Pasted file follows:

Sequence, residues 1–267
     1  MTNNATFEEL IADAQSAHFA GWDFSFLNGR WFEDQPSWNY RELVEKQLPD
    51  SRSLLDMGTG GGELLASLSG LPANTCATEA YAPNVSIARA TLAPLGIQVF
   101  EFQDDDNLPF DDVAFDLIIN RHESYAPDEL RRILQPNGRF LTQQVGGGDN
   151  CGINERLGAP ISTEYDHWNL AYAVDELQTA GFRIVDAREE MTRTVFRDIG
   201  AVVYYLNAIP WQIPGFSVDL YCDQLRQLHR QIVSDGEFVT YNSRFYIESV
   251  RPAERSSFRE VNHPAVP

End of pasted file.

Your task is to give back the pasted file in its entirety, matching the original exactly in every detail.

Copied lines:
Sequence, residues 1–267
     1  MTNNATFEEL IADAQSAHFA GWDFSFLNGR WFEDQPSWNY RELVEKQLPD
    51  SRSLLDMGTG GGELLASLSG LPANTCATEA YAPNVSIARA TLAPLGIQVF
   101  EFQDDDNLPF DDVAFDLIIN RHESYAPDEL RRILQPNGRF LTQQVGGGDN
   151  CGINERLGAP ISTEYDHWNL AYAVDELQTA GFRIVDAREE MTRTVFRDIG
   201  AVVYYLNAIP WQIPGFSVDL YCDQLRQLHR QIVSDGEFVT YNSRFYIESV
   251  RPAERSSFRE VNHPAVP